Published: Thursday, November 19, 2009
The Associated Students of the University of Arizona Senate debated for nearly an hour last night over proposed changes to its elections code, mostly over a $25 down-payment for future candidates.
The elected student leaders had just finished a tour of the new Student Recreation Center expansion and gathered around a conference table in a room on the second floor instead of their usual spot in the Student Union Memorial Center.
About 30 people sat in chairs next to illustrations of the Rec Center construction and tables donned with novelty hard hats as Justine Piscitello, ASUA elections commissioner, read through the proposed changes to the elections code.
Most changes were in response to last year’s ASUA elections and where potential future problems may occur.
As a write-in candidate, ASUA President Chris Nagata defeated Pima College transfer student Shane Cathers last year.
Nagata did not meet deadlines to be considered a regular candidate, but had 500 signatures of support.
“We thought (the former requirement) was completely unfair,” said Piscitello, an senior majoring in Italian.
If the Senate accepts Piscitello’s changes, future write-in candidates will also need to receive 500 votes during the ASUA primary elections in order to continue.
“We wanted to make people realize that being a candidate is important, getting the necessary requirements in is important,” she said. “But if they aren’t able, they still have a chance as a write-in candidate.”
Another proposed change will specifically forbid a write-in candidate’s name from appearing on the ballot.
An information blurb appeared on last year’s ballot which included Chris Nagata’s name.
The blurb was removed from the online ballot midway through the polls by then-elections commissioner Kenny Ho.
There were no objections to either write-in regulation change, although Piscitello did encounter opposition from Sen. Daniel Wallace over increasing the election commissioner’s power to determine official polling locations and prohibiting candidates from using personal computers to “garner votes” on election day.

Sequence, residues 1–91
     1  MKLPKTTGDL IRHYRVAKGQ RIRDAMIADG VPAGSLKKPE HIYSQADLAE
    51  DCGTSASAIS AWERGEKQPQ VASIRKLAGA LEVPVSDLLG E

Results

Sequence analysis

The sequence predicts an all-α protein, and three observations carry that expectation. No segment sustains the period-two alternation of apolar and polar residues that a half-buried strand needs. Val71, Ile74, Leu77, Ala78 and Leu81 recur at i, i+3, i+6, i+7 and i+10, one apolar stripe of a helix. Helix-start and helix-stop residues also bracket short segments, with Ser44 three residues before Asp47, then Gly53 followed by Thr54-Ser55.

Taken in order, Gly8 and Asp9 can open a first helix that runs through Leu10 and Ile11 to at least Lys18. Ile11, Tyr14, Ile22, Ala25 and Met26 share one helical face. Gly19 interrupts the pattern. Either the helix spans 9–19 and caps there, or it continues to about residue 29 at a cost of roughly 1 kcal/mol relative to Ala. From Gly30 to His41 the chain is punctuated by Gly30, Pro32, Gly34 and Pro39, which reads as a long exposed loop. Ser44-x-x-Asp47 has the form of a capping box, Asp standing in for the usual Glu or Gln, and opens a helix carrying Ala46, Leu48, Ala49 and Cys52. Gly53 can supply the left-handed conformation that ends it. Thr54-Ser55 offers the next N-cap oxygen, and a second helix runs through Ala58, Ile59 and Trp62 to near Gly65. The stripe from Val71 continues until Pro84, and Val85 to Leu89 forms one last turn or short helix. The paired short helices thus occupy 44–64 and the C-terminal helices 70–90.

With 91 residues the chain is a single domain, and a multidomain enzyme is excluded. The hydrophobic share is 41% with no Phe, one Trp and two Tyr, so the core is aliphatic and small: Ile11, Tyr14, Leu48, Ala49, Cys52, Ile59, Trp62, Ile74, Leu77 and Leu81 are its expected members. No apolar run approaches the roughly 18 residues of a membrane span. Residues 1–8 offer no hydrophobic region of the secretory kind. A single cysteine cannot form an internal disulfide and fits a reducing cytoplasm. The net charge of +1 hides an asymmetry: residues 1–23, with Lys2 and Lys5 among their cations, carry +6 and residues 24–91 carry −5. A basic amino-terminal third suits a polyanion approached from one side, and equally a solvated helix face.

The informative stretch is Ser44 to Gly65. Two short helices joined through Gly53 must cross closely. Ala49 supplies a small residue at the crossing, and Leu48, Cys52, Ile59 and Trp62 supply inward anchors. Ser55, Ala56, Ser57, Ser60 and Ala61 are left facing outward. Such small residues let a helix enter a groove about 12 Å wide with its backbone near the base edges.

Wallace said it could be an impractical and unnecessary burden to have to regulate how candidates use their own property throughout the election.
“Anything that’s in violation of the code, unless we see it or unless we hear about it, there’s really no way for us to do anything about it,” Piscitello said. “This code is really an umbrella.”
Piscitello also said that she was aware that concerns had been brought up during last year’s election that some candidates had stood outside sorority and fraternity houses collecting votes from friends.
Piscitello did not know any specifics.
Attitudes flared as the conversation turned toward a proposed $25 dollar campaign material removal down-payment fee designed to encourage candidates to follow proper campaign material guidelines on voting day.
The ASUA elections code governs, among many things, where candidates can put up posters, and regulates the content of both print and online materials.
“Any fee discourages people from running, regardless of the amount,” said Wallace, who raised repeated objections.
“I’m not aware that there’s ever been a particular problem with people egregiously disregarding the code,” he said after the meeting.
Former 2006 election commissioner David Martinez III is now UA alum and director of the Arizona Students Association. He was asked by Sen. Eduardo Atjian II for his opinion on the $25 fee.
“You have to trust the code that is drafted to this year and what she has brought to the table,” Martinez said and followed with a nervous laugh.
“This is in place so that even if you lose the election, you are still responsible for taking down your (campaign material) so that you get your $25 back,” Sen. Katherine Weingartner said.
“Instead of paying a $25 fee, you could use that money to fuel your whole campaign cost,” said Sen. James Brooks, who said his campaign cost $75, only because he overestimated how many posters he’d use.
“I don’t see why it’s that big of an issue,” said Sen. Tyler Quillin. “If you don’t break the rules, you won’t pay $25. If you plan on running and breaking the rules, plan on losing your $25.”
“We wanted to make it like any other deposit … like one you put on your house. You get it back unless you mess up your house,” Piscitello said.
ASUA candidates are limited to spending $200 on their campaigns.
“This is normal for the elections code,” ASUA Executive Vice President Emily Fritze told the senators as she concluded the discussion.
“It’s good that you guys get practice at establishing a fair elections code.”
ASUA has two more meetings before they are required to finalize an election code.
Fritze jokingly warned that she intends to bring her gavel to the next one just in case things get out of hand.